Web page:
Could Harvey Weinstein Face Jail Time for His Alleged Crimes?

harvey weinstein allegations
Harvey Weinstein was fired Sunday from the company that bears his (and his brother's) name. Alexander Koerner/Getty Images

Harvey Weinstein has faced severe social and professional consequences amid reports of his decades-long campaign of harassment, assault and rape of nearly two dozen women — but will he ever face any legal consequences?

It depends on the women and their defenders.

The clearest way for Weinstein to make it into a courtroom would be if Lucia Evans, who told the New Yorker that Weinstein raped her in 2004, pressed charges against the movie mogul.

There is no statute of limitations on rape in New York State, and Evans, a former aspiring actress, told the magazine that Weinstein physically forced her perform oral sex on him at the Miramax office in Tribeca. Weinstein could be charged with third-degree rape and if he was found guilty, he could get up to four years of prison.

New York attorney Lawrence Pearson told Vulture the overwhelming number of people speaking to Weinstein's history as a sexual predator and abuser could help Evans's case because it establishes a pattern of behavior.

"That information can be used as evidence in the case of women whose attacks happened more recently," Pearson said. "There is a lot of value to someone coming out and saying what happened to them. It can help the prosecution."

But rape cases are notoriously difficult to prosecute, and victims often prefer to go the route of a civil suit, especially if the alleged crime involves a professional colleague. These women, though, will likely have no better luck bringing civil charges against Weinstein: The statute of limitations for civil suits involving sexual assault is typically "one or two years," according to Pearson.

Weinstein's accusers could sidestep these statutes by filing suits against the Weinstein Company itself, which Los Angeles lawyer Karl Gerber told Vulture is liable for whatever harassment and assault happened there.

That would mean the company's board, which no longer includes Weinstein, could find itself answering to a jury, which could decide whether the company must pay punitive damages to any of Weinstein's victims involved in the suit.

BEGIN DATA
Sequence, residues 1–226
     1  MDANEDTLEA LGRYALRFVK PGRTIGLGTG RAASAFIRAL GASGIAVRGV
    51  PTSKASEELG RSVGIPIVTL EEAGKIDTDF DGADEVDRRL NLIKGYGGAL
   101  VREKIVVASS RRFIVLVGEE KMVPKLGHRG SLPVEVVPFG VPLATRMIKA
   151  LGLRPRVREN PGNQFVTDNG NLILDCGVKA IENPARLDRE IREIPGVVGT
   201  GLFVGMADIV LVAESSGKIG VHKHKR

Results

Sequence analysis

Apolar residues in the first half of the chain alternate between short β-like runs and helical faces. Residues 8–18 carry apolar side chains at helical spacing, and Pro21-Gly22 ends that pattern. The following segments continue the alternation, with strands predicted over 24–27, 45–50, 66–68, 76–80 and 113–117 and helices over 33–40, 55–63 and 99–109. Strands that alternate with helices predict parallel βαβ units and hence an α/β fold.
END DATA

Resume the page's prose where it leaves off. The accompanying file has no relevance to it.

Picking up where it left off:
And if the Weinstein Company discovered that the former executive was using company funds — beyond those from the eight settlements with women Weinstein allegedly abused — Weinstein could face charges of embezzlement.

In California, the embezzlement of property, money or services worth more than $950 is considered grand theft, and carries a state prison sentence between 16 months and three years.

Weinstein came close to a criminal trial in 2015, when the NYPD investigated accusations that the Hollywood executive groped model Ambra Battilana Gutierrez.

The New Yorker's Tuesday exposé included audio from the department's subsequent sting operation, which reveals Weinstein coercing Gutierrez to join him in his room at the Tribeca Grand Hotel. On the tape, Weinstein admits to grabbing Gutierrez's breasts in an earlier encounter.

That confession could have led to a charge of sexual abuse — which in New York state includes any kind of sexual contact without the person's consent. If Manhattan DA Cyrus Vance had successfully pursued the case to a conviction, Weinstein could have been out of the movie business in an upstate cell for three months to a year.

But the damning tape and Gutierrez's testimony didn't convince Vance to take the case, and he remains under fire by critics for going soft on the mogul.

With the right prosecutor, the case could be reopened, Pearson said.

"If there is a large amount of corroborating evidence that shows he had a pattern of conduct, then a prosecutor who is more willing to be aggressive could very well bring a case," he told Vulture. "Or if new DNA evidence is discovered, that may be more willing to prosecute."

And there's one more way Weinstein could end up in court: His second wife, Georgina Chapman, will reportedly divorce him — and celebrity split-ups are rarely civil maters conducted quietly by lawyers, as Angelina Jolie and Brad Pitt well know.

Another one of Weinstein's accusers, former actress Asia Argento, said the former Hollywood studio executive raped her in a French hotel in 1997, which makes pressing charges against Weinstein out of the question. The French statute of limitations for rape is 10 years; Argento has missed the cut off to report the alleged crime by a decade.

Weinstein has made it difficult for any United States authorities to hold him accountable for his alleged crimes, should that be an option: Under the cover of night, Weinstein boarded a private plane to Europe, where he'll seek counseling for supposed "sex addiction," TMZ reported.

Europe, of course, is where another famous moviemaker, Roman Polanski, fled to avoid his own sex assault charges.

Editor's pick

Newsweek cover
  • Newsweek magazine delivered to your door
  • Unlimited access to
  • Ad free experience
  • iOS and Android app access
  • All newsletters + podcasts
Newsweek cover
  • Unlimited access to
  • Ad free experience
  • iOS and Android app access
  • All newsletters + podcasts